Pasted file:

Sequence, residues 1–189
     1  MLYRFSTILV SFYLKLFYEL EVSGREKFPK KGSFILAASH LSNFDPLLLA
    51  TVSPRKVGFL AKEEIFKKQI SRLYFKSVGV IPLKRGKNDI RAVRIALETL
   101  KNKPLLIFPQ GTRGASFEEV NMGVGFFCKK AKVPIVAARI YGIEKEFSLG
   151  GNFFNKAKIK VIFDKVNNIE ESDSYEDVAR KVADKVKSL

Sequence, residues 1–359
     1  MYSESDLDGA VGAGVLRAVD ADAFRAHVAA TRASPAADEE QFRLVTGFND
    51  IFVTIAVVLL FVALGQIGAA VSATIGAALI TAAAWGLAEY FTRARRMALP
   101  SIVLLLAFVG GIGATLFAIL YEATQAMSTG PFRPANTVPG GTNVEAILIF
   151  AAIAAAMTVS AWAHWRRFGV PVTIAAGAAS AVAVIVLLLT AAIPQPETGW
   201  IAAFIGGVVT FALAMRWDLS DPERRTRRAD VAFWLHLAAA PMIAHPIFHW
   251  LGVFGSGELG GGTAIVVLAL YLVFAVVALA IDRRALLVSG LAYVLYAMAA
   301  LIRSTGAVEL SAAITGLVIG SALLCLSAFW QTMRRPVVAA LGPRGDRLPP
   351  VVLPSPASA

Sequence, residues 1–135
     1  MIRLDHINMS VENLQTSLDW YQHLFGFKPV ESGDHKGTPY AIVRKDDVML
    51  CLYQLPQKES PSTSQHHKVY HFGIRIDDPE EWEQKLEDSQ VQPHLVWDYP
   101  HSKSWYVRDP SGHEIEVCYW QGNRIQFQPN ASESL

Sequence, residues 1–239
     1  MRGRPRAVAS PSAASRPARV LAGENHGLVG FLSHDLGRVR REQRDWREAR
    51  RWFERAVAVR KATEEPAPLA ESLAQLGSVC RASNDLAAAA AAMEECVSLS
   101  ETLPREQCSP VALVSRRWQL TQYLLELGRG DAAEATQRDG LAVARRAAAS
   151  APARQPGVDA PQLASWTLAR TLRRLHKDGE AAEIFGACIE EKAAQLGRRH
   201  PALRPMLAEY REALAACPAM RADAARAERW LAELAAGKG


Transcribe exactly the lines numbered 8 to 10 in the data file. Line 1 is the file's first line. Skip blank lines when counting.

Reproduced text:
    51  IFVTIAVVLL FVALGQIGAA VSATIGAALI TAAAWGLAEY FTRARRMALP
   101  SIVLLLAFVG GIGATLFAIL YEATQAMSTG PFRPANTVPG GTNVEAILIF
   151  AAIAAAMTVS AWAHWRRFGV PVTIAAGAAS AVAVIVLLLT AAIPQPETGW